Orpheus

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Roman mosaic depicting Orpheus, wearing a Phrygian cap and surrounded by the beasts charmed by the music of his lyre

Orpheus1)https://en.wikipedia.org/wiki/Orpheus (/ˈɔːrfiəs, ˈɔːrfjuːs/; Greek: Ὀρφεύς) was a legendary musician, poet, and prophet in ancient Greek religion and myth.

The major stories about him are centered on his ability to charm all living things and even stones with his music, his attempt to retrieve his wife, Eurydice, from the underworld, and his death at the hands of those who could not hear his divine music.

As an archetype of the inspired singer, Orpheus is one of the most significant figures in the reception of classical mythology in Western culture, portrayed or alluded to in countless forms of art and popular culture including poetry, film, opera, music, and painting.

For the Greeks, Orpheus was a founder and prophet of the so-called “Orphic” mysteries.

He was credited with the composition of the Orphic Hymns, a collection of which only two have survived. Shrines containing purported relics of Orpheus were regarded as oracles.

Some ancient Greek sources note Orpheus’ Thracian origins.

Orpheus,2)https://www.britannica.com/topic/Orpheus-Greek-mythology ancient Greek legendary hero endowed with superhuman musical skills. He became the patron of a religious movement based on sacred writings said to be his own.

Traditionally, Orpheus was the son of a Muse (probably Calliope, the patron of epic poetry) and Oeagrus, a king of Thrace (other versions give Apollo). According to some legends, Apollo gave Orpheus his first lyre. Orpheus’s singing and playing were so beautiful that animals and even trees and rocks moved about him in dance.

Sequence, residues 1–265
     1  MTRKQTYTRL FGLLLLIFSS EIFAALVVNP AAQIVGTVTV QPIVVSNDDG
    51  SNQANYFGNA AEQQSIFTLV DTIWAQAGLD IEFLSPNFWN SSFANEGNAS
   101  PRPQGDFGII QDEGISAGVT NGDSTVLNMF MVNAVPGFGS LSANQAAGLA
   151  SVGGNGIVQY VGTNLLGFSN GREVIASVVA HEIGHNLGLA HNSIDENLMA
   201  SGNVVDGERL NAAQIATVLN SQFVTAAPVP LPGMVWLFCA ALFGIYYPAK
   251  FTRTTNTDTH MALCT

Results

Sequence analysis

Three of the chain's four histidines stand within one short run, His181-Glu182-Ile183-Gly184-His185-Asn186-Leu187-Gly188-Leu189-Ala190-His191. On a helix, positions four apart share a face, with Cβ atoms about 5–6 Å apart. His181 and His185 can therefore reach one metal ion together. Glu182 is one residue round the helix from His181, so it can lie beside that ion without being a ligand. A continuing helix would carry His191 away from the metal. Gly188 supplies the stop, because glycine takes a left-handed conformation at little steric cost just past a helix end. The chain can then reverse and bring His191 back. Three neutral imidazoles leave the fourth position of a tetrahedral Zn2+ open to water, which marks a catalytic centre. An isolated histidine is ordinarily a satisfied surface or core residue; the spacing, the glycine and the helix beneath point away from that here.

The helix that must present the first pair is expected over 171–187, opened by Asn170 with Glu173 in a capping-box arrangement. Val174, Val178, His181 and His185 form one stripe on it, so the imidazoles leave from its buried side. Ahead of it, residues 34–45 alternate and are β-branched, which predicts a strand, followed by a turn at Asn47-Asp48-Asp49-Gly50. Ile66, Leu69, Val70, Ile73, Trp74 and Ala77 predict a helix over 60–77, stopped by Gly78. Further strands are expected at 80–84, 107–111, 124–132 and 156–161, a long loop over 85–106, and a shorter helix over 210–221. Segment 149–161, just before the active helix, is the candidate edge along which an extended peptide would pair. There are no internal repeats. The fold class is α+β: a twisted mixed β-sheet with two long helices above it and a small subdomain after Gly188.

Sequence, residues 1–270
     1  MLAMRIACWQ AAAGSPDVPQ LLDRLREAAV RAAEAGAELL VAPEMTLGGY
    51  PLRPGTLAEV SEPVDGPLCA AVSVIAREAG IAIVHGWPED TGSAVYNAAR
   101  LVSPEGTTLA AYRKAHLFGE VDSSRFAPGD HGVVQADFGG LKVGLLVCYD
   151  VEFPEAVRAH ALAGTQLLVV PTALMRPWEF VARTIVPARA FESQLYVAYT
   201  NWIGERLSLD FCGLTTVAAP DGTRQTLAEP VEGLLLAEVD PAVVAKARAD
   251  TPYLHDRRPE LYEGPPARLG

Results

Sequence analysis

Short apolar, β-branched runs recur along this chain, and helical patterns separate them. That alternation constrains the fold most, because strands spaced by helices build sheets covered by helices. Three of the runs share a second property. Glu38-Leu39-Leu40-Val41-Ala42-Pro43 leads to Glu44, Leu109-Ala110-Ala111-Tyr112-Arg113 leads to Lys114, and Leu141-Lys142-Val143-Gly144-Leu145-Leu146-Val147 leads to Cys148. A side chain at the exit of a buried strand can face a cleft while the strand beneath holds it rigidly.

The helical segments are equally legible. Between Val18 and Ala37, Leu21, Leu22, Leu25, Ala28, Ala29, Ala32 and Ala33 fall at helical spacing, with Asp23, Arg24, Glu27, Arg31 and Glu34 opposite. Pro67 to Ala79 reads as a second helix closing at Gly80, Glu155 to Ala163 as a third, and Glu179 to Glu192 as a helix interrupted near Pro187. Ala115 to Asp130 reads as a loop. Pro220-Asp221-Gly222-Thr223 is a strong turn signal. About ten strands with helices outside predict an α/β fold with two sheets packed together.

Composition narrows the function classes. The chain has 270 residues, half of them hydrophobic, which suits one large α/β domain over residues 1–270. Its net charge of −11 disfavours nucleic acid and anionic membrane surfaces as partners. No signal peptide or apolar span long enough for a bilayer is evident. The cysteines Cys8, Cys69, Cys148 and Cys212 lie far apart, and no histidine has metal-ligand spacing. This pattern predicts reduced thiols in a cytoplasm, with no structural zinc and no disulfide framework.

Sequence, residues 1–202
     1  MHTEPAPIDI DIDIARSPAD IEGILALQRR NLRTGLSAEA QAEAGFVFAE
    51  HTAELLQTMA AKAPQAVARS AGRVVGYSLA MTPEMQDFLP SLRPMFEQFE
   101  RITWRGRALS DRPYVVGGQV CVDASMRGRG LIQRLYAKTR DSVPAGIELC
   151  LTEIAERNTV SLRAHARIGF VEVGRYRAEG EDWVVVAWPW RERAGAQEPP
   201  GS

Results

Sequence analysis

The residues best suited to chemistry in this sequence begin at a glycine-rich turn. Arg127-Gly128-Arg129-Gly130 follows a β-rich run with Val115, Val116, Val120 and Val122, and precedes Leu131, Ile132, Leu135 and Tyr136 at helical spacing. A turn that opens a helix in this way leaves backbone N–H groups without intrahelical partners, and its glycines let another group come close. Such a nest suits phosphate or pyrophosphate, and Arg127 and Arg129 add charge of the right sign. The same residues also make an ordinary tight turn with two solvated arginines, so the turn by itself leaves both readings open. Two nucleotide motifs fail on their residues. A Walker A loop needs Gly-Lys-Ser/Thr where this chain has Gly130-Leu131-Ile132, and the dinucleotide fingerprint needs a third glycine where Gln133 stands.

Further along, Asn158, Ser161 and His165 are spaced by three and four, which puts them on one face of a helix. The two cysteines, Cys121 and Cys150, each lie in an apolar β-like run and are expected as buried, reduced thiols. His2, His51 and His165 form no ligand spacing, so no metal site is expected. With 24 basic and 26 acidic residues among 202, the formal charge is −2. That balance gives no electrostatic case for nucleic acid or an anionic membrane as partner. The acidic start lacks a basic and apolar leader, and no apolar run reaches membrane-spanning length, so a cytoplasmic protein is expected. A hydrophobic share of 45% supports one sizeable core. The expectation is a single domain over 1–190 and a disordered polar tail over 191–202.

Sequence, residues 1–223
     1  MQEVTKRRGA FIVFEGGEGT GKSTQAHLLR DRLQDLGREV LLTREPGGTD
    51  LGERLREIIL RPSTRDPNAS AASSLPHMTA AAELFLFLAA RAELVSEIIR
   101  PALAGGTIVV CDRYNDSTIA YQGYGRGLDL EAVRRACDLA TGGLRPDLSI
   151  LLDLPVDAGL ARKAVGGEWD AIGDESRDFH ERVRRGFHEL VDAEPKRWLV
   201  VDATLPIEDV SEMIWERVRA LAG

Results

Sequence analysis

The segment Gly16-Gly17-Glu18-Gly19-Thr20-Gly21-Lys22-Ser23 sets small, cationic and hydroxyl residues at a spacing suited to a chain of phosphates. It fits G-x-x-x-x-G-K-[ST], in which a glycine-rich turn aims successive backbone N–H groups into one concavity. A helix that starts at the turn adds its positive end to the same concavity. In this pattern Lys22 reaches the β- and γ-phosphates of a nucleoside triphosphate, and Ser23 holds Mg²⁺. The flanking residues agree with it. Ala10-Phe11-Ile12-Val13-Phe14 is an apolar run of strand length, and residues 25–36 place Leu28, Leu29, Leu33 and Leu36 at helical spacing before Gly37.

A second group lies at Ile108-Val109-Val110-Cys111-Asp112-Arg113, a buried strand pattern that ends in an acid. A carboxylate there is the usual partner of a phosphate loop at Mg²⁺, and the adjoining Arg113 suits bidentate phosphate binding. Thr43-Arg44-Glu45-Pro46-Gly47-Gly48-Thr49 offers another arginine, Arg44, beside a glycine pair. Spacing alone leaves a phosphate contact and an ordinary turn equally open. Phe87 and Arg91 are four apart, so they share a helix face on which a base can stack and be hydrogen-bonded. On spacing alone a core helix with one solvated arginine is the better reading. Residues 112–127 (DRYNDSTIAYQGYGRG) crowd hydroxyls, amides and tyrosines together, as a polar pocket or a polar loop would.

Orpheus joined the expedition of the Argonauts, saving them from the music of the Sirens by playing his own, more powerful music. On his return, he married Eurydice, who was soon killed by a snakebite. Overcome with grief, Orpheus ventured himself to the land of the dead to attempt to bring Eurydice back to life. With his singing and playing he charmed the ferryman Charon and the dog Cerberus, guardians of the River Styx. His music and grief so moved Hades, king of the underworld, that Orpheus was allowed to take Eurydice with him back to the world of life and light. Hades set one condition, however: upon leaving the land of death, both Orpheus and Eurydice were forbidden to look back. The couple climbed up toward the opening into the land of the living, and Orpheus, seeing the Sun again, turned back to share his delight with Eurydice. In that moment, she disappeared. A famous version of the story was related by Virgil in Georgics, Book IV.

More Details: https://en.wikipedia.org/wiki/Orpheus

References   [ + ]

1. https://en.wikipedia.org/wiki/Orpheus
2. https://www.britannica.com/topic/Orpheus-Greek-mythology

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